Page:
Following the announcement on 29 June that Blohm+Voss had successfully secured the lease of a 200 x 60m dry dock at La Ciotat Shipyards, there has been a mixture of reactions to the news.
SEMIDEP-La Ciotat, the quasi-governmental body charged with the economic development and management of La Ciotat Shipyards, has openly stated that the decision was based on Blohm+Voss successfully meeting the criteria of its tender, and whose skillset ideally matched the segmentation considered pivotal to the 35-month lease.
A source close to La Ciotat Shipyards, who wished to remain anonymous – although SuperyachtNews can confirm they are not associated with any company mentioned herein – has suggested that concerns about a potential over-reliance on companies already operating in the area, played a stronger role than has been suggested to date.
La Ciotat Shipyards
“This point [over reliance] was discussed by some of the directors on our board, but it was not the basic motivation,” replied Jean-Yves Saussol, CEO of SEMIDEP-La Ciotat, in response to this query. “It was very simple; we went through the three criteria [see below] of the tendering process and Blohm+Voss proved to be the better deal for the development of the 80m+ business in the yard.”
The criteria Saussol refers to are listed below:
• The quality of the envisaged project, particularly in relation to the development of business and employment for the region
• The credibility of the application, especially with regard to professional, technical and financial strength
• The quality of the financial proposal, especially with regard to the sharing of loyalty fees with SEMIDEP
“If you want to offer the best service to your clients you have to segment; you cannot be everything to everyone,” Saussol added. “We already have companies, such as Monaco Marine and Compositeworks who service smaller yachts, and they do this job incredibly well. It should not necessarily be surprising that they were not considered the best operations to serve the bigger boats…Of course there will be competition, it is the law of the market, and you cannot prevent people from competing on the fringes of their markets.”
The boundaries of this segmentation however, is one of the reasons for the discontent felt by alternative parties who tendered for the dry dock, and it may have fueled further the conjecture that has surrounded the deal since.
“There is a certain amount of disappointment around here about the decision,” explains Compositeworks’ director, Rob Papworth,. “SEMIDEP-La Ciotat has discussed market segmentation, yet 30 per cent of Compositeworks’ turnover is within the 80m+ segment of the market and we have serviced 25 per cent of the world’s total yachts over 80m. The megayacht market is one of our key objectives for future growth”.
138m 'Rising Sun' with Compositeworks
Monaco Marine has also expressed disappointment following the unsuccessful tendering process and has since requested the details of the Blohm+Voss offer.
By suggesting that there will be competition “on the fringes” of the 80m+ market may be doing a slight disservice to La Ciotat’s longstanding residents, some of whom already have a loyal following in the 80 and even 100m+ sector of the market.
“We feel fully confident that, had we got the three-year concession, we would have been bringing in the €20+ million refits, and we still feel that we will bring in these refits, just it may not be in La Ciotat anymore,” continues Papworth.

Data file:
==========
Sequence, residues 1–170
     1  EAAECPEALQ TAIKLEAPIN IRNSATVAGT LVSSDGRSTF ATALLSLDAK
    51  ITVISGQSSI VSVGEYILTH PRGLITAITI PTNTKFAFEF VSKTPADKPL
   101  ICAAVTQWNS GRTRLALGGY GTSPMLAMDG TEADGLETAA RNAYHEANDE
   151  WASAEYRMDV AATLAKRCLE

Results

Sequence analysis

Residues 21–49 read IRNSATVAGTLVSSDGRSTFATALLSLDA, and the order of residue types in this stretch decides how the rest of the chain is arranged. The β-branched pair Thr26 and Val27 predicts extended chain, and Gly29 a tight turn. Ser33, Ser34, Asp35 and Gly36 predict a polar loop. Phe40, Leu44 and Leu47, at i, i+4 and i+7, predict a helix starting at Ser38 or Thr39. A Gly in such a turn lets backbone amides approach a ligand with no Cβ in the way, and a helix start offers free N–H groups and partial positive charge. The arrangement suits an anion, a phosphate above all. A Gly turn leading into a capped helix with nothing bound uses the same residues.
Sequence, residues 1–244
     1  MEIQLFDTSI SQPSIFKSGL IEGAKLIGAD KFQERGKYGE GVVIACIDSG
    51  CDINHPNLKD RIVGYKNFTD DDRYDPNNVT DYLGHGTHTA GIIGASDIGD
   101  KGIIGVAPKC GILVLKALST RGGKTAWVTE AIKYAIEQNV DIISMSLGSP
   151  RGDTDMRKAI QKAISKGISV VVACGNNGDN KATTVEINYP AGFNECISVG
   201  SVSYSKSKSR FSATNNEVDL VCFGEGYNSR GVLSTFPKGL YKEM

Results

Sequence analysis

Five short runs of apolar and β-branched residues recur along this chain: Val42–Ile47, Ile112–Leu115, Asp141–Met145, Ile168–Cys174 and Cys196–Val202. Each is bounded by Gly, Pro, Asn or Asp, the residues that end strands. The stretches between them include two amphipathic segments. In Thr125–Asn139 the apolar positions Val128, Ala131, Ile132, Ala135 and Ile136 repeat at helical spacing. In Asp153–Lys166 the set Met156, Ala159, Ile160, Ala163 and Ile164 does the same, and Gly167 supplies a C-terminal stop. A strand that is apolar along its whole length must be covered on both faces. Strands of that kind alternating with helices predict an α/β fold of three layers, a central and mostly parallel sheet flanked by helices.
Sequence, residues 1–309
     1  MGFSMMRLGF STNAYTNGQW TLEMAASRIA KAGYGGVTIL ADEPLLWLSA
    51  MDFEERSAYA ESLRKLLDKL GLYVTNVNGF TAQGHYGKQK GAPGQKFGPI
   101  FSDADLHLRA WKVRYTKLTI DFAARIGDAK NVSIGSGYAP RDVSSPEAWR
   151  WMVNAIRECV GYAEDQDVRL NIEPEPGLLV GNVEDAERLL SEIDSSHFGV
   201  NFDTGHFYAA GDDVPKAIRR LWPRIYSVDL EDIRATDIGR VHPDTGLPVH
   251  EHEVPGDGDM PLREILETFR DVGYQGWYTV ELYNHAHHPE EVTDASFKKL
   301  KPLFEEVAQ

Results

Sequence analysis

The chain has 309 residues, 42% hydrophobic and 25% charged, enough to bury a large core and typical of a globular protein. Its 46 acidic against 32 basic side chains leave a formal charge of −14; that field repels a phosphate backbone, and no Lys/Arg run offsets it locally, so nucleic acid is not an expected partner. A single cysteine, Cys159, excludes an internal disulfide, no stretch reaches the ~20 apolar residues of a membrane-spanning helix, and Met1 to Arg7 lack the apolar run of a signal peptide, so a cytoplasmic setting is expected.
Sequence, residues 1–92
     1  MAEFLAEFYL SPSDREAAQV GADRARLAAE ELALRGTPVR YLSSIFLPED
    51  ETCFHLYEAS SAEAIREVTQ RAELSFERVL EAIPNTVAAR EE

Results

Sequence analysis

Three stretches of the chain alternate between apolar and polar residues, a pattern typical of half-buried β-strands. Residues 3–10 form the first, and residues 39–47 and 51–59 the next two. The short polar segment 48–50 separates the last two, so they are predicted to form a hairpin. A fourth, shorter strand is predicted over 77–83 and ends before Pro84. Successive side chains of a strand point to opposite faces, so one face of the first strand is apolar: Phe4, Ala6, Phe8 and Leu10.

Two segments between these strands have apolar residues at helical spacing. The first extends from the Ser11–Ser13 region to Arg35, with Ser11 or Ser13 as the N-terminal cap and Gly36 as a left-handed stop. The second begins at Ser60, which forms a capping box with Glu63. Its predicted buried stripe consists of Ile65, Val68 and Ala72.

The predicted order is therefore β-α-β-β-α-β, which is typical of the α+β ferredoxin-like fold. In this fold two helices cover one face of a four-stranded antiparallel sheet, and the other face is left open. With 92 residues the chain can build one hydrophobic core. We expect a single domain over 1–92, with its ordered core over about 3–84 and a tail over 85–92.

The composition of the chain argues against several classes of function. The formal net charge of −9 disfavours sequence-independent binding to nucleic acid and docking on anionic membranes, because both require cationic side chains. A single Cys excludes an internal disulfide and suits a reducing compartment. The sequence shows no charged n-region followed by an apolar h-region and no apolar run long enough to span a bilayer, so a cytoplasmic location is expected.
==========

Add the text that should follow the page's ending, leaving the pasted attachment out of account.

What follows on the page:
Historically Compositeworks has dealt with a number of projects this size, so much so that, until the signing of the lease with Blohm+Voss, it had been the only shipyard to use the dry dock over the last 10 years, regardless of the fact that the dry dock was officially for public use. Furthermore, during the €16 million development of the dry dock Compositeworks was conducting 80m+ work outside of La Ciotat including the docking of vessels up to 140m.
“We are concentrating on developing our team to make sure we fulfil all the needs of all the large yacht clients and we are currently discussing three or four different options with regards where to operate on these projects,” Papworth explains. “We already have two locations secured where we can work on boats over 100m. It is all about offering our clients options.”
While the 80m+ market accounts for 30 per cent of Compositeworks’ turnover, the proposition set forth by Blohm+Voss sees the 80m+ market put at the very heart of its plans. Moreover, Blohm+Voss’s desire to expand its refit facilities to the Mediterranean came at the behest of its customers.
“It was our customers’ request for us set up a refit-facility in the Mediterranean. The services we offer will complement the services provided by other companies on the yard. Blohm+Voss will bring additional business to La Ciotat as we focus on refits and maintenance of megayachts of 80 metres plus in length and have a strong reputation for undertaking complex refits on time and on budget,” explains Fred van Beers, CEO of Blohm+Voss. “Our goal is to partner with the companies currently in the yard to fully utilise our mutual synergy potential…In fact, our strong desire to partner with companies from La Ciotat and surroundings was one of the reasons why La Ciotat Shipyards (SEMIDEP) has selected Blohm+Voss."
“Having a third operator in the yard is not why the decision was made, but in the end it is a positive outcome of the agreement,” Saussol concluded. “This is a way of securing business with specialised market segments; it brings stability, less dependence on a single company and greater opportunity for those local businesses working within the sector.”